"While high academic performance is essential, medical schools say they're tired of seeing the same students and want to know who you are," says Kaitlyn. "Don't cheat yourself out of being a unique candidate."
- Fun fact: if you complete a term with less competitive grades, don't stress. Each medical school views the application process differently, and other areas of your application may balance one bad term.
4. Highlight what makes you unique
The application process offers an opportunity to differentiate yourself from the competition by showcasing your hobbies, volunteerism, awards, etc. Along with joining the campus Pre-Med Club or volunteering at the local hospital (both obvious choices for extracurriculars), be sure to consider the value you'll add to your application by choosing to get involved in activities you're passionate about.
Case in point: Waterloo graduate and medical school applicant Erica's knack for working with people led her to volunteer with the campus First Response team, provide campus tours to prospective students, and become a residence don. She also volunteered with UW WELL-FIT, an exercise program that helps individuals living with cancer maintain their physical well-being, and joined enTECH, a student club that helps people with cancer and older adults build digital literacy skills.
"I volunteered a lot," says Erica. "It did help with my application, but I also really liked everything I was doing."
- Fun fact: start tracking your extracurriculars in high school. They are critical to your application and trying to remember your accomplishments can be difficult by the time you apply.
5. Get connected
Reference letters are an essential part of applying to med school, so move beyond the classroom and use your classes, research opportunities, co-op terms, and internships to build strong connections with professors, employers, and community members willing to act as solid character references.
"I knew the co-op program would be an asset to my application, but I didn't realize how valuable it would be," says Erica. "I accumulated 16 months of clinical research experience, connected with physicians, received reference letters, and learned insider tips and tricks that strengthened my application."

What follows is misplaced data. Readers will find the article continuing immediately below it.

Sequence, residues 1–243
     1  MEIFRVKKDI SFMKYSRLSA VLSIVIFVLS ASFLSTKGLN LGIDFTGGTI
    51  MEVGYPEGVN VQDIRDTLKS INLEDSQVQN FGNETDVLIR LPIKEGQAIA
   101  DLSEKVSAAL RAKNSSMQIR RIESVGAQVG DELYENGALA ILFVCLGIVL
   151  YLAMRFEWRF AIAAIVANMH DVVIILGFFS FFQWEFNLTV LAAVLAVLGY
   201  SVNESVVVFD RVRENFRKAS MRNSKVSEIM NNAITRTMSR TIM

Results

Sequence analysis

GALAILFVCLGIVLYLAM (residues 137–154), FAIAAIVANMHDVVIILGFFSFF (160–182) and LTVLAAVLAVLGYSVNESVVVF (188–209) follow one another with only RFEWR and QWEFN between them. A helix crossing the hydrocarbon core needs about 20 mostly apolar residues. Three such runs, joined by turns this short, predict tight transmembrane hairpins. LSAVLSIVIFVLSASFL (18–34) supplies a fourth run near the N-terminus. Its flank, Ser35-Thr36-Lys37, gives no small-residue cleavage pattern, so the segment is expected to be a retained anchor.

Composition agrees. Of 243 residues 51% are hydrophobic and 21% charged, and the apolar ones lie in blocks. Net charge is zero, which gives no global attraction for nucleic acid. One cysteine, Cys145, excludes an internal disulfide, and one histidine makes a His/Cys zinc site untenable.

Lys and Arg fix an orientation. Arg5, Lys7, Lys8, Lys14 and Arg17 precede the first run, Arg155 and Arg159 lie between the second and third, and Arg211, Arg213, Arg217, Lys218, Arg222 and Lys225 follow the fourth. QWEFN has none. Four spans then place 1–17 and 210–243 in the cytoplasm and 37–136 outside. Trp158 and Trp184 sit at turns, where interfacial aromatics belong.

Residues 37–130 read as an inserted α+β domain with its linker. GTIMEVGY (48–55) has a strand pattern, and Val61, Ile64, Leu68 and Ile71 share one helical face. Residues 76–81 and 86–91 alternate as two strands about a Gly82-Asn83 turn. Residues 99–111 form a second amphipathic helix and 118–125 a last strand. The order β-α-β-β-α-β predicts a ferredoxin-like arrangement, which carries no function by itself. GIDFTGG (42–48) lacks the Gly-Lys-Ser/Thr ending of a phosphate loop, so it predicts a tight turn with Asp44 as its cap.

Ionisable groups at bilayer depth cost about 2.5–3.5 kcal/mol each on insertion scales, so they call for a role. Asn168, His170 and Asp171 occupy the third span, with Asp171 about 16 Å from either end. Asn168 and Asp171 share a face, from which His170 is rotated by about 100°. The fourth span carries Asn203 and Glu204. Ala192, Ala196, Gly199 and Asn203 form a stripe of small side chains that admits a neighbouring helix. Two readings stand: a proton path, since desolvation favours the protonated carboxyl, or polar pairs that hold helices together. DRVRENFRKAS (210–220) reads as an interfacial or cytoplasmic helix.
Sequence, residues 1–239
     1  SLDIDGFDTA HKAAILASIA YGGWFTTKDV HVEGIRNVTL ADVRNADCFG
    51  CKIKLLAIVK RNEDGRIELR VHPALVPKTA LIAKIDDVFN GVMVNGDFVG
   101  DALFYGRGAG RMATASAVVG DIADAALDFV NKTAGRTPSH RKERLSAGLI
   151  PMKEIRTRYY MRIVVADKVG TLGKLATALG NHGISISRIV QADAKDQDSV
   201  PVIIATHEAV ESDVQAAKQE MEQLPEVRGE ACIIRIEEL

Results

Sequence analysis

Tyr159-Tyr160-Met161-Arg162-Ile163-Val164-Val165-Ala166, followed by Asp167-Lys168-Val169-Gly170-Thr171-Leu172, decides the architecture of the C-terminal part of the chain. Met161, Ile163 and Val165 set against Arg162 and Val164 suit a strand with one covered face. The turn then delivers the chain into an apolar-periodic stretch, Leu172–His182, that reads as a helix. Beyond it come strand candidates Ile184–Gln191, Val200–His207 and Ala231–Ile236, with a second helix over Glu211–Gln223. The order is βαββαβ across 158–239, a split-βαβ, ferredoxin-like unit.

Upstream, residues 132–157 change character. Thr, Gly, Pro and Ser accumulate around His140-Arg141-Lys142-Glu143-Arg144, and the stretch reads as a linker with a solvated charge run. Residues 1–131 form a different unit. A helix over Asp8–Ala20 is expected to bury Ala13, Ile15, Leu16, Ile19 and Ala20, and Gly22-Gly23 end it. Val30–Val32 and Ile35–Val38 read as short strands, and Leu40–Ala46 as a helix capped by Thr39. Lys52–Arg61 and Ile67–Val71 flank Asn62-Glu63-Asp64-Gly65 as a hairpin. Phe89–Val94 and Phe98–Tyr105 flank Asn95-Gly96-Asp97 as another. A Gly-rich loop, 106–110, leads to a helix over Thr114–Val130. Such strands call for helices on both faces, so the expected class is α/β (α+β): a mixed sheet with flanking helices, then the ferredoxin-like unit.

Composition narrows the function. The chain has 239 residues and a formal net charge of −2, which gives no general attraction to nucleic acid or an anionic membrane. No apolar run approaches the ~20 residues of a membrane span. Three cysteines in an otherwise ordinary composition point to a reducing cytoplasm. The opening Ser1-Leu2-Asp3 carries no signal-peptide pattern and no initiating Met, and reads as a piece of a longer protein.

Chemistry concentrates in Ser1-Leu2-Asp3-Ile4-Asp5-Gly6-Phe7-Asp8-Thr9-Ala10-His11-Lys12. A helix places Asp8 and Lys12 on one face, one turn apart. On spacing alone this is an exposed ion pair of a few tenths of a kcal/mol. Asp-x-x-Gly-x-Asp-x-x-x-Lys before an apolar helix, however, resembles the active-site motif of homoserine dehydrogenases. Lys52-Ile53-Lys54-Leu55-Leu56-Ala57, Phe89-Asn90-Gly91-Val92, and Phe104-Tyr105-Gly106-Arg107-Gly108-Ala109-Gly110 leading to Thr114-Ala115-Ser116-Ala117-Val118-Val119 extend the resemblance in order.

- Fun fact: Erica's co-op experience performing cancer research at Sunnybrook Health Sciences Centre and respiratory research at The Hospital for Sick Children inspired her to add a research specialization to her degree.
Meet with an advisor who can help you identify weaknesses in your application, structure your courses to meet the prerequisites of your preferred schools, and learn which courses will prepare you to write the MCAT.
Didn't get in? Now what?
If, for some reason, you aren't accepted, use it as an opportunity to review and strengthen your application for next time. You can also consider another profession in the growing health-care field. Either way, use the additional time granted to you to build your character, determination, and empathy; critical traits for great physicians and health-care professionals.
The application process, even in the case of a rejection, is about making you a stronger, more relatable person in order to one day better support and empathize with patients
"The application process, even in the case of a rejection, is about making you a stronger, more relatable person in order to one day better support and empathize with patients," says Kaitlyn. "If students are committed, we help them plan for their next application or talk about alternatives, such as a modified timeline. No matter which option you prefer, at Waterloo we always have your back."
With so much competition for admission to med school, students who are highly qualified for careers in health also have many opportunities to pursue related careers in medicine and health.